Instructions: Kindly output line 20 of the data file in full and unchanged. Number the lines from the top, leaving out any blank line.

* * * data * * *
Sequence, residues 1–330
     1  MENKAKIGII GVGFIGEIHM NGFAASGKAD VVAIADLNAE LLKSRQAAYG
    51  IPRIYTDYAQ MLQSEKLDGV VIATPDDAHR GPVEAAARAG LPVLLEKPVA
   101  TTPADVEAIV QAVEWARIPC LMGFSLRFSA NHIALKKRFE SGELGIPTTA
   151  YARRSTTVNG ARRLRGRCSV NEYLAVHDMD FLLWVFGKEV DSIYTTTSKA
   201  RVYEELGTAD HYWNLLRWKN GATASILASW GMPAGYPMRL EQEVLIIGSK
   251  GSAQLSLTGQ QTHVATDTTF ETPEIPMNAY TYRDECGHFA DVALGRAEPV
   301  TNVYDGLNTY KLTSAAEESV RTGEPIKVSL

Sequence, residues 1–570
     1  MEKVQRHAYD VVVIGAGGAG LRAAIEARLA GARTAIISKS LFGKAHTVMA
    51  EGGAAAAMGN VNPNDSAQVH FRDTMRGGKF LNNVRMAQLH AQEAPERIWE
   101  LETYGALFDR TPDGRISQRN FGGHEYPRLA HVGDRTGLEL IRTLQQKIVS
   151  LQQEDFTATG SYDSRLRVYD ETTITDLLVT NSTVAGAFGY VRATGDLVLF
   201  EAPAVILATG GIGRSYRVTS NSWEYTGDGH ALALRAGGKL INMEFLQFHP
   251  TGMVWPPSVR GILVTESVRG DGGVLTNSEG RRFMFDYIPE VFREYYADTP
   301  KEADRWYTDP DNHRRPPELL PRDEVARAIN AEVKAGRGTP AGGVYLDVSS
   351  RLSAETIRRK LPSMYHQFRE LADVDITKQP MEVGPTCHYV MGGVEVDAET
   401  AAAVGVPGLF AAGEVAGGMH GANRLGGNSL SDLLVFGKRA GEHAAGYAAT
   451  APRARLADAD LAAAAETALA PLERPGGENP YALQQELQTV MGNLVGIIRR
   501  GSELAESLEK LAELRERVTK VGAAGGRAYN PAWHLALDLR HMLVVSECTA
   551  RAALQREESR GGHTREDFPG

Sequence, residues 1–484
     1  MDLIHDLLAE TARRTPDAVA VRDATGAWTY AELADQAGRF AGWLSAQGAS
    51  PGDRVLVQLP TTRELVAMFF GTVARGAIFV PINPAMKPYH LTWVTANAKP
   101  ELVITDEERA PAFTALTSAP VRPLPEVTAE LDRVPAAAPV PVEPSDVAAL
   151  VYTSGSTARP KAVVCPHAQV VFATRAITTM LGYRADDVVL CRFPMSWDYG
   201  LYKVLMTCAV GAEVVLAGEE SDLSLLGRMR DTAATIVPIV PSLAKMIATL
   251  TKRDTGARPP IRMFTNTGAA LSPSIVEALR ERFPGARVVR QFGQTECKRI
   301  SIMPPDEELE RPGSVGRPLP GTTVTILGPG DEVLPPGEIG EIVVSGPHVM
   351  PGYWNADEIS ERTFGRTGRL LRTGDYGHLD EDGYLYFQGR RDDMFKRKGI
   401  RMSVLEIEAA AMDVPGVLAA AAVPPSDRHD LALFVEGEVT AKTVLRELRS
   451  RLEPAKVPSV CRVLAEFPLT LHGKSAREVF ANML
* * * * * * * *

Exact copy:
   501  GSELAESLEK LAELRERVTK VGAAGGRAYN PAWHLALDLR HMLVVSECTA